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The Father of the Geocoin: Moun10Bike

 

Geocoins—it’s hard to imagine Geocaching without them, Travel Bugs, or any other kind of trackable. But for an entire year and half after geocaching was born (in May of the year 2000), that was how geocaching was done. Caching primarily involved of using GPS technology to discover ammo cans hidden deep in the woods, then the seekers would write long entries into pre-placed log books.

The Father of the Geocoin: Mr. Jon Stanley, aka Moun10Bike
The Father of the Geocoin: Mr. Jon Stanley, aka Moun10Bike

But geocaching’s path changed forever (and for the better) when Jon Stanley, aka Moun10Bike, created and placed the very first geocoin in a cache near Deception Pass in Washington State, USA.

Not only is Jon a legend of geocaching, he’s also a Charter Member and now works as a System Analyst/Lackey with Groundspeak. We caught up with Jon between bug fixes, forums posts, meetings to keep everyone in the loop, and geocaching on his lunch break, to find out more about how geocoins came to be.


What gave you the idea to place a geocoin?

Back in 2001, I was coming up on my 100th cache find. I wanted a signature item to launch in time for that milestone, and had heard about military challenge coins from a fellow cacher. They sounded like the perfect geocaching item – compact, easy to carry, durable – so I designed and minted a set of personalized coins that I dubbed “geocoins.”

Here it is, folks: Moun10Bike Geocoin 001. Try not to hyperventilate.
Here it is, folks: Moun10Bike Geocoin 001. Try not to hyperventilate.

When was the first Geocoin placed?
The coin was placed September 30th of 2001. I placed it in a cache that still stands out today in my mind as one of the best (even though it has since been archived) – Light House Point. It involved a rickety aluminum ladder that you could only access during low tide. I climbed the ladder. I didn’t know if I’d be able to do it because I have a fear of heights. But knowing I wanted to place that coin in a special cache got me up the ladder.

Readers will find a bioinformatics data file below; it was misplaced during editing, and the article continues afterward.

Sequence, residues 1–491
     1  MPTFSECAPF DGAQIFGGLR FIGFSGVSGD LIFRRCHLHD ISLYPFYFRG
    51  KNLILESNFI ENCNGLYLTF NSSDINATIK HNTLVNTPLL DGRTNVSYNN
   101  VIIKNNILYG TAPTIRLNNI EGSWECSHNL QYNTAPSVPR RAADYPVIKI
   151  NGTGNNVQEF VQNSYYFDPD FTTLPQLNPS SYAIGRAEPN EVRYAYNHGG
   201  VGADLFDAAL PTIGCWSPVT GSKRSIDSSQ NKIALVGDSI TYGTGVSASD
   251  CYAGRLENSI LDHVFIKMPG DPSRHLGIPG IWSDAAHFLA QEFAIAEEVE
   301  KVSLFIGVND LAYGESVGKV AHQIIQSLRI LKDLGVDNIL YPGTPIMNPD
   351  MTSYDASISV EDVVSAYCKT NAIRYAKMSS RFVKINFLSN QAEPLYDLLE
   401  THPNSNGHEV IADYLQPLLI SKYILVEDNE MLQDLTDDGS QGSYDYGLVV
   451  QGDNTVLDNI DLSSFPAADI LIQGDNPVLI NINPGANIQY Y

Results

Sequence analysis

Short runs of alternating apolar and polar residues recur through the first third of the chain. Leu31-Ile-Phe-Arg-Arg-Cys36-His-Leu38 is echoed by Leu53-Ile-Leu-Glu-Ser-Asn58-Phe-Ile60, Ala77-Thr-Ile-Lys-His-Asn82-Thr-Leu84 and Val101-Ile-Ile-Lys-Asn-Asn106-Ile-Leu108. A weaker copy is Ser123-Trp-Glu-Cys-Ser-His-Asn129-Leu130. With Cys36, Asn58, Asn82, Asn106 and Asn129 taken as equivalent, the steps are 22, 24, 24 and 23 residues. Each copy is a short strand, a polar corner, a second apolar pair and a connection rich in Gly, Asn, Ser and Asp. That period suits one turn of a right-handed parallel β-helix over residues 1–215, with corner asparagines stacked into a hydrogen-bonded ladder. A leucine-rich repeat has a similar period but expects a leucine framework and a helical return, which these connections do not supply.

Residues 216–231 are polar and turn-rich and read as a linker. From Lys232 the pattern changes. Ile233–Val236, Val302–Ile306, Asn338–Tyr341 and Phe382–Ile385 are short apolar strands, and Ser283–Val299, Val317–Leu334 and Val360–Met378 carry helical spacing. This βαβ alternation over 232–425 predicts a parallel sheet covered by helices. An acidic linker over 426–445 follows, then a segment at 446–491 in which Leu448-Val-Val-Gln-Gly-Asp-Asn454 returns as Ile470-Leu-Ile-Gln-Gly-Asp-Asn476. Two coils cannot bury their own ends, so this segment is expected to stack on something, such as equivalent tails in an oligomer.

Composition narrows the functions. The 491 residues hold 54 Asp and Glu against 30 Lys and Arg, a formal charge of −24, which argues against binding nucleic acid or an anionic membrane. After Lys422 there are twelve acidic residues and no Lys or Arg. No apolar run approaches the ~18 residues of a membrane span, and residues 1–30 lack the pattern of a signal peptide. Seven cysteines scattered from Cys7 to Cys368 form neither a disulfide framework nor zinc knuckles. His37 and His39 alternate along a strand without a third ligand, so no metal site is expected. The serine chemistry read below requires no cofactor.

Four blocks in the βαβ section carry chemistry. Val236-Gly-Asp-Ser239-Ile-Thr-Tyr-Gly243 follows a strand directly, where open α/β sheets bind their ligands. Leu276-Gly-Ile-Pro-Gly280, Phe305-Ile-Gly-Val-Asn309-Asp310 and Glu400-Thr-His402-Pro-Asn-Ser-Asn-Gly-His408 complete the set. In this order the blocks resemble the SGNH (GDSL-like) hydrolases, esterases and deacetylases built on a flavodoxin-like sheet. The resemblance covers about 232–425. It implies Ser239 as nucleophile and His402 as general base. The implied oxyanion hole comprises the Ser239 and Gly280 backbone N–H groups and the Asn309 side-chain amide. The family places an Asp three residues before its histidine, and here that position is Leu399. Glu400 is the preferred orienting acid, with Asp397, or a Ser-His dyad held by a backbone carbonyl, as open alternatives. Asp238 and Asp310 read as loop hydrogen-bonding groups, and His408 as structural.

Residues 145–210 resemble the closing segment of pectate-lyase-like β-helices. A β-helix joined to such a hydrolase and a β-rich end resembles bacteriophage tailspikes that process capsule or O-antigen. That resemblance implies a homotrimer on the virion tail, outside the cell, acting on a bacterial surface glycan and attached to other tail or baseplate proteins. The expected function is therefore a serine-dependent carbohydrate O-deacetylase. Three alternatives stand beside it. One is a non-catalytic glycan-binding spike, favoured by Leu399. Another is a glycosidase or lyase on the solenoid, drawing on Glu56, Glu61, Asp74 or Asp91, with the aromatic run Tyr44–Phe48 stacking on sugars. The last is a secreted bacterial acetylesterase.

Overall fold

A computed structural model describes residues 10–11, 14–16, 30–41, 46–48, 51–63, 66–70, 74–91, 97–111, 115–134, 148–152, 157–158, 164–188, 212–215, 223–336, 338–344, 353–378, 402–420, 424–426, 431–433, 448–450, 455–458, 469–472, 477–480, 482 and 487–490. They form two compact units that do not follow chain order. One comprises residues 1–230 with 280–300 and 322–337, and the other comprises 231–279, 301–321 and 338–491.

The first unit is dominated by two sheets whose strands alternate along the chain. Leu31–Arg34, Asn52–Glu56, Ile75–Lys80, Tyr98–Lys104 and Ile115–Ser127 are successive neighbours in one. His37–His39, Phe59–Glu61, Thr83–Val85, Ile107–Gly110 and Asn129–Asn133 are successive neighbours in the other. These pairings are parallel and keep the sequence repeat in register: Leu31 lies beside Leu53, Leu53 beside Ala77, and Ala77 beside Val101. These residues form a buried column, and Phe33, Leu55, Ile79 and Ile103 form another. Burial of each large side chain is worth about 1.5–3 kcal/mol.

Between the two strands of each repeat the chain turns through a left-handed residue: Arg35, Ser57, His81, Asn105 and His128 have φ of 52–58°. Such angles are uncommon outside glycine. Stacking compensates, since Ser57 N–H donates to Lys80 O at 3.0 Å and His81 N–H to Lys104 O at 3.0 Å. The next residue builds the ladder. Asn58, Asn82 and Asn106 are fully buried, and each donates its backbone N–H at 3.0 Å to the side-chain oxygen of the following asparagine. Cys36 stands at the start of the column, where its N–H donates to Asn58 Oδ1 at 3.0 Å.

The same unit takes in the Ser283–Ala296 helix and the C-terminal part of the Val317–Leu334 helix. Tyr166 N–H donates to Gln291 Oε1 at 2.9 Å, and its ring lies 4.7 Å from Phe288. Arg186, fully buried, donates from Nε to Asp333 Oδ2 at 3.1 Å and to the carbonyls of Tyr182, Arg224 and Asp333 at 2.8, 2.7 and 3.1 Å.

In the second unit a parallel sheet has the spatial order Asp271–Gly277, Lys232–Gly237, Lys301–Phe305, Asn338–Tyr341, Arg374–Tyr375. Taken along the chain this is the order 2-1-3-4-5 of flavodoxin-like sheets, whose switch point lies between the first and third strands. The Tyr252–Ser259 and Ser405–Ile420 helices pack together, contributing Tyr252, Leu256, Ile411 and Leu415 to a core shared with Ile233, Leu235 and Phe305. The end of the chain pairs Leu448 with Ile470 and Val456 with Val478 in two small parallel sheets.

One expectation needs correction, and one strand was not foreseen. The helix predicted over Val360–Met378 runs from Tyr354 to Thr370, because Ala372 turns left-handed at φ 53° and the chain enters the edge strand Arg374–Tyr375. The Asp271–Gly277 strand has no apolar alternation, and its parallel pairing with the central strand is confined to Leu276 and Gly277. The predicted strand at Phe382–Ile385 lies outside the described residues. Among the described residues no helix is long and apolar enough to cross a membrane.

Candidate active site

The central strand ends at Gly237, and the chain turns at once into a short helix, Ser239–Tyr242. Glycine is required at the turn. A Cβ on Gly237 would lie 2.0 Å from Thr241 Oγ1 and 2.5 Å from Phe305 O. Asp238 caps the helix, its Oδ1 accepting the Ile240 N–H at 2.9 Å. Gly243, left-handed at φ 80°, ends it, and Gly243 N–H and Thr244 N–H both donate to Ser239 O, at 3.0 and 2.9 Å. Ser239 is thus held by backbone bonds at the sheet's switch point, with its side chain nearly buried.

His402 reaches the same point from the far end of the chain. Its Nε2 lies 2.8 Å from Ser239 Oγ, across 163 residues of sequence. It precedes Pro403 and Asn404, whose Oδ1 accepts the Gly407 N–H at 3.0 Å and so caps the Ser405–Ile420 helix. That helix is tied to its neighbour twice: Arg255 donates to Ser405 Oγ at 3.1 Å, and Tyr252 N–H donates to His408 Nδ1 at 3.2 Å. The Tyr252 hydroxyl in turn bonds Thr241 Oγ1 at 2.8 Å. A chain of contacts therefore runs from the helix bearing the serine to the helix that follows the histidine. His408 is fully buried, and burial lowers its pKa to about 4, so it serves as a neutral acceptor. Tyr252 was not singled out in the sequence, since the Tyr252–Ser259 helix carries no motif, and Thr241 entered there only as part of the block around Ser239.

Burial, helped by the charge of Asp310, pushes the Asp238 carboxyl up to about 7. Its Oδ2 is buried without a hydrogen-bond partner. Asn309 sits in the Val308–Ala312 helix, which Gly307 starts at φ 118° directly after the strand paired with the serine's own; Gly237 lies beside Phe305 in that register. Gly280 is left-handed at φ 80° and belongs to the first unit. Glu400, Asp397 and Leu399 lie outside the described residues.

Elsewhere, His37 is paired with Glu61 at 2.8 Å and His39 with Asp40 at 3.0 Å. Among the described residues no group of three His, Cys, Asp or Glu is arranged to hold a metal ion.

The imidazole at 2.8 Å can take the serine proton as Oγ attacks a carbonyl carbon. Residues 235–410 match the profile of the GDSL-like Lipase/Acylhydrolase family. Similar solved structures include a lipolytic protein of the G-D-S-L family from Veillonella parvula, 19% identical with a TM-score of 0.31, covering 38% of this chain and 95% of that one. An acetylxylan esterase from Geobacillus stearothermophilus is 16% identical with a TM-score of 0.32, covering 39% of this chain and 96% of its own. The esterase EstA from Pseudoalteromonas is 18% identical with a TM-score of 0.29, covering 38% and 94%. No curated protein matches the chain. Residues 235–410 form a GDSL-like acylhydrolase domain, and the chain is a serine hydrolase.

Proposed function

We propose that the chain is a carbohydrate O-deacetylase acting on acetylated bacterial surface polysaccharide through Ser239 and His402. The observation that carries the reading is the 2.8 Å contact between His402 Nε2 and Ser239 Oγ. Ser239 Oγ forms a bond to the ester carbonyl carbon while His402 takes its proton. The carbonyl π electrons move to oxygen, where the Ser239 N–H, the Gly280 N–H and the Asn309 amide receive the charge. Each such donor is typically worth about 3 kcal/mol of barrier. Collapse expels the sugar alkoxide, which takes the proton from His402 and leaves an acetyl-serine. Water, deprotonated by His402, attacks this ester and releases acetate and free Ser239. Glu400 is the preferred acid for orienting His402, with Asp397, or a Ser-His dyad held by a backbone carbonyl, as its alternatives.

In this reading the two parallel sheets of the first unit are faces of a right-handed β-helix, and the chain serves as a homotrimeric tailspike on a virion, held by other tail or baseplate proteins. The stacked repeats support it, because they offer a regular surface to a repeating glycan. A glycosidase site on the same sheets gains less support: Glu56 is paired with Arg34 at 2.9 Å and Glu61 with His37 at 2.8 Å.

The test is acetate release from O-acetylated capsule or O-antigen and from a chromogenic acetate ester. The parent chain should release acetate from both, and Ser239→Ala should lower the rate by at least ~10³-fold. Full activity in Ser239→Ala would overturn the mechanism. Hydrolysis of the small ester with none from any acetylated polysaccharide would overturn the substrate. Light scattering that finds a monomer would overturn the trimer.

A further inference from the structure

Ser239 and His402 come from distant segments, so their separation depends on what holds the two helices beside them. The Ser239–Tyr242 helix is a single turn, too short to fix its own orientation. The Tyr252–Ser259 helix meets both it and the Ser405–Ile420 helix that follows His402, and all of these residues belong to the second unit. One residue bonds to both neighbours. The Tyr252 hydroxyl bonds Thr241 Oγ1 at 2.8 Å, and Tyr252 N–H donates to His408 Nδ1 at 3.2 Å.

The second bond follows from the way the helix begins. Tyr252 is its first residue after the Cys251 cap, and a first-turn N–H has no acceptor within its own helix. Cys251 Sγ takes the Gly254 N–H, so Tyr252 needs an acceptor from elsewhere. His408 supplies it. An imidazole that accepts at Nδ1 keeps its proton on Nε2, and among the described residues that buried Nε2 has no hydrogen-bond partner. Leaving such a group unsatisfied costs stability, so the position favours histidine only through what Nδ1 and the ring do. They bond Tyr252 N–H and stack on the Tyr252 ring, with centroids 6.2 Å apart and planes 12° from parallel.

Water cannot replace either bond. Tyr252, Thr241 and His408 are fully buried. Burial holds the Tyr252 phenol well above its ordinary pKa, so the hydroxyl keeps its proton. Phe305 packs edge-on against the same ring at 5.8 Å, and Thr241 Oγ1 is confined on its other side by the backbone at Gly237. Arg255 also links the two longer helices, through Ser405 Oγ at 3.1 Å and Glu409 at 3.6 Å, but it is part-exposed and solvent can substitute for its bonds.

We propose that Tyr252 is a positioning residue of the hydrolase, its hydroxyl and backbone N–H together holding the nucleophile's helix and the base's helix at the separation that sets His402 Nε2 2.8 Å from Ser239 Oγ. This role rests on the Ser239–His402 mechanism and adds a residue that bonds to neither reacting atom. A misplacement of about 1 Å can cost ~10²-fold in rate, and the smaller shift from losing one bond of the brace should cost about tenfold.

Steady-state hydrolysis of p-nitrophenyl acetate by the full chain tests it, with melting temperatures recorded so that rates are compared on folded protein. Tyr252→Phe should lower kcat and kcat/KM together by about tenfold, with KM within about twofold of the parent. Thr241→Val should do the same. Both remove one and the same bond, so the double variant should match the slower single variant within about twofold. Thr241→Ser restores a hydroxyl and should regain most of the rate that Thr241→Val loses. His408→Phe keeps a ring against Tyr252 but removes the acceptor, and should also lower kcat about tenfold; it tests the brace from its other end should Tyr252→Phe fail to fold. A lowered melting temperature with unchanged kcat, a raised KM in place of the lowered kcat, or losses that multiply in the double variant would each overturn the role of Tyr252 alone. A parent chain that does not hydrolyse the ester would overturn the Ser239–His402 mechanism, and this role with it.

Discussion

So the first coin was placed in that cache?
I kept the first one for my personal collection. So it was number two… 002. That was the first one placed.

And then what happened?
I placed in there, and didn’t think that much about it. Well you know, it started off really slowly. It was about 6 months after I placed or minted my coins and placed them that anyone else started making coins that I know of. They became desired items. So rather than people seeing them and moving them on, the goal was to get to it first and keep it for their collection. It was almost like a Beanie Baby craze. There was the Geocoin craze.

How many Geocoins do you think you’ve placed out in the world at this point?
I’ve sent out over 1200 of my Moun10Bike geocoins so far, and over 1500 coins if you count my coinaments (a Christmas tree ornament that is trackable and shaped like a coin)!

How many Geocoins do you own?
I stopped counting in 2006. At that point it was around 1000. I have at least five times that many now.

Jon, aka “Moun10Bike”, and his son Jameson, aka “Moun10Tyke”, on an adventure a few years ago.


What is something that most people would be surprised to learn about you?
Hmmm, I’m pretty boring. Would it surprise people if I said that my wife and son can barely tolerate caching? :)

Getting abducted on the E.T. Highway
Getting abducted on the E.T. Highway


Any parting thoughts?
From computers to the web, to gadgets, and then foremost the outdoors, I just couldn’t ask for a better hobby.

 

Sure is crazy to think that any experiences you’ve had with geocoins, Travel Bugs, or trackables lead back to Jon Stanley. Do you collect geocoins, or geocache with trackables? How have they changed the way you cache? Tell us your stories below! 

 

Janelle
Joined Geocaching HQ in the fall of 2014 as Community Manager. Kind to animals. Loved by children. Excels at DNFs.
  • John Combs

    Awesome article! Thanks for sharing the history!